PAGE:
As Downloads Dip, Music Executives Cast a Wary Eye on Streaming Services | New York Times

As sales of CDs plunged over the last decade, the music industry clung to one comfort: downloads continued to sell briskly as people filled their computers and iPods with songs by the billions.

Now even that certainty seems to have disappeared, as downloads head toward their first yearly decline.

So far this year, 1.01 billion track downloads have been sold in the United States, down 4 percent from the same time last year, according to the tracking service Nielsen SoundScan. Album downloads are up 2 percent, to 91.9 million; combining these results using the industry’s standard yardstick of 10 tracks to an album, total digital sales are down almost 1 percent.

READ THE FULL STORY AT THE NEW YORK TIMES:
http://www.nytimes.com/2013/10/21/business/media/as-downloads-dip-music-executives-cast-a-wary-eye-on-streaming-services.html?_r=1&

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One thought on “As Downloads Dip, Music Executives Cast a Wary Eye on Streaming Services | New York Times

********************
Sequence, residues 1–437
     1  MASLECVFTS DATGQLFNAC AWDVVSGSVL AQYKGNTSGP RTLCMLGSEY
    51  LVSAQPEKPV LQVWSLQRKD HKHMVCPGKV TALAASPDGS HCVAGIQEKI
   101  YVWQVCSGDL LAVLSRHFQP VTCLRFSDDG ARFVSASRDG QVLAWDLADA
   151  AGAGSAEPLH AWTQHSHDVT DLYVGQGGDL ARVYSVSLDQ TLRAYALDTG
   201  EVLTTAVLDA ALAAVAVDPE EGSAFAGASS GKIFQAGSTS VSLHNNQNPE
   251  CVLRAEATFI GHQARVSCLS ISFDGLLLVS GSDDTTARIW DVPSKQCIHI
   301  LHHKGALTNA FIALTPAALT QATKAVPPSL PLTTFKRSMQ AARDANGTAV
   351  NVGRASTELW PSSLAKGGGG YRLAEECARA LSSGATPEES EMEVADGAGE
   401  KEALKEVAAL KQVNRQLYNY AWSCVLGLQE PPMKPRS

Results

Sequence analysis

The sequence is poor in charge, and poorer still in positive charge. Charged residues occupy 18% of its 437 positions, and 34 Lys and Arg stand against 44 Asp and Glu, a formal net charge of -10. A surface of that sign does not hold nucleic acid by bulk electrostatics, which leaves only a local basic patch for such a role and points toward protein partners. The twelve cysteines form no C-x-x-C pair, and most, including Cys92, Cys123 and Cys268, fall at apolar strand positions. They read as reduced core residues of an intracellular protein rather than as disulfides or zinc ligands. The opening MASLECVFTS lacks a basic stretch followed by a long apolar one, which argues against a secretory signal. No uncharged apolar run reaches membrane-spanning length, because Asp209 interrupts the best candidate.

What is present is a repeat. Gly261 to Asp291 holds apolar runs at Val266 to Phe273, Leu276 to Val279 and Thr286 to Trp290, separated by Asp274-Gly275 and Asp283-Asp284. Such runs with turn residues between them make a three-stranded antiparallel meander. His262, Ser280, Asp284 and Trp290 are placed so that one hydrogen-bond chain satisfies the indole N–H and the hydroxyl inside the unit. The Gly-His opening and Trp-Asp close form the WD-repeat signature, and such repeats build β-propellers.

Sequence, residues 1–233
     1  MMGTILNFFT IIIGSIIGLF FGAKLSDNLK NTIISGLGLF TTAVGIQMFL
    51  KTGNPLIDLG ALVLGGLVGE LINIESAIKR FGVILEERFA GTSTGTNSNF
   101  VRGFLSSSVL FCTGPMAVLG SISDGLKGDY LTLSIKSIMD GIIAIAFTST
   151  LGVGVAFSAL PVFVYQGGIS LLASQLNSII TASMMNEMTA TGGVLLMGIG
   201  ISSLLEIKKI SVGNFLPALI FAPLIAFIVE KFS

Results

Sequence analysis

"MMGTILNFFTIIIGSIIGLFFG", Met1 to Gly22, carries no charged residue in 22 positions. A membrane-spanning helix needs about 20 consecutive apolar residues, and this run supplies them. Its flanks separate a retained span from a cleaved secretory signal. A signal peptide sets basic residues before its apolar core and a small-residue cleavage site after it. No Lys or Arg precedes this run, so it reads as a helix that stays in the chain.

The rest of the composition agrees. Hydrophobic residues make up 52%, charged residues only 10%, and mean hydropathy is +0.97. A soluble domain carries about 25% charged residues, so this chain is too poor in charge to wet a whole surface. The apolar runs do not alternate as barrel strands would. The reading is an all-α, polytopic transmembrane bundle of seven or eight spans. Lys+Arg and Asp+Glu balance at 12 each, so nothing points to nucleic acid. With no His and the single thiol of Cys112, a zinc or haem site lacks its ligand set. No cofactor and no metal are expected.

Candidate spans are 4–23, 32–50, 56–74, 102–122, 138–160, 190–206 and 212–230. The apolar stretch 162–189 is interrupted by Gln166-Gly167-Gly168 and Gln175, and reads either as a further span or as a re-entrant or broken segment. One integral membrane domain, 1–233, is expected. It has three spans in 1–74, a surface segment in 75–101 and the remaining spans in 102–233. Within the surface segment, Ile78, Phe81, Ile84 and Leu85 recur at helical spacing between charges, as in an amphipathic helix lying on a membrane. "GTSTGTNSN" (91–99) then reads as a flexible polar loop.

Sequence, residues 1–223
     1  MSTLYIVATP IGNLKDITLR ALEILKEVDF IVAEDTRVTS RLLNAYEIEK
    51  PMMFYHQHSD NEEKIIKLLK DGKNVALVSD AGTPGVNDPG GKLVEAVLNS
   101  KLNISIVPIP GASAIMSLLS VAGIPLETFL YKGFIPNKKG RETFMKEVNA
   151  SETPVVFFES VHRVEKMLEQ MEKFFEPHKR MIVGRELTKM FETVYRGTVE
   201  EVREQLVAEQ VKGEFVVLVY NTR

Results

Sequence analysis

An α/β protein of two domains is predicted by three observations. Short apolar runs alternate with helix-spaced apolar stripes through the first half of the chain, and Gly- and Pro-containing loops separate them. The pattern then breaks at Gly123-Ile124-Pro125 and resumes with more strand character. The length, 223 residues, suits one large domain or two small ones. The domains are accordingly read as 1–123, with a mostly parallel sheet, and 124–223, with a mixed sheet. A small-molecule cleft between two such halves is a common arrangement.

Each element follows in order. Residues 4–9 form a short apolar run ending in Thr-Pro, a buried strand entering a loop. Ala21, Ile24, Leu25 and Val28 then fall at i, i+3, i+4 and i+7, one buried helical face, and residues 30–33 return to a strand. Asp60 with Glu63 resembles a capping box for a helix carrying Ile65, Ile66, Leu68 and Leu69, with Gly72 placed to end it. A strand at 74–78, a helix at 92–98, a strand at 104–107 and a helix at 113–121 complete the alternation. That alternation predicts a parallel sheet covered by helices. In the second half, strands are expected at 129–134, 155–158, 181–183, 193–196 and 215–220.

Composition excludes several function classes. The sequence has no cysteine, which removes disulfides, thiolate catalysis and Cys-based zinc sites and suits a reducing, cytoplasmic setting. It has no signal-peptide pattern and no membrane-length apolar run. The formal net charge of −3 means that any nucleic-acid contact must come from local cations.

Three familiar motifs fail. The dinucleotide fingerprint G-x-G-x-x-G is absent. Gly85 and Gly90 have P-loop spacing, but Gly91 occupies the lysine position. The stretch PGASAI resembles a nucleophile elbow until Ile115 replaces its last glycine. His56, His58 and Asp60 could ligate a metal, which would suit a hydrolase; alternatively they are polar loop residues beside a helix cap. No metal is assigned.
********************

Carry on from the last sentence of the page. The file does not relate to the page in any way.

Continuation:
1. Music is going more toward streaming, but don’t count on any real revenue from that. The Safe Harbor Provision of the DMCA has provided a legal loophole that allowed sites like You Tube to allow uploads of copyrighted content provided the up loader would do a take down upon request from the creator within a specific time period. In the internet world, 24 hours can mean a million viewings. Consider that every viewing provides the site a revenue gain while providing the creator a revenue loss. The take down provision provides no compensation for losses to the creator, and there is no deterrent to keep them from re posting the same item from another up loader. So attempts to police the site by creators are costly and futile, and that cost is borne on the victims. The end result is that any audio or video work could be found at no cost, at anytime on a number of streaming sites. As to music streaming; Keep in mind that all prices are relative. With the loophole present, any material is available at a cost of $ 0. So any legitimate streaming service that attempts to charge any cost greater than 0 is going to be viewed as expensive.

    The Copyright Office is calling now for the Next Great Copyright Act. It is important that we let the office know now that the Safe Harbor Provision must go. In our long history of active copyright protection and recognition, the Safe Harbor Provision is unprecedented.

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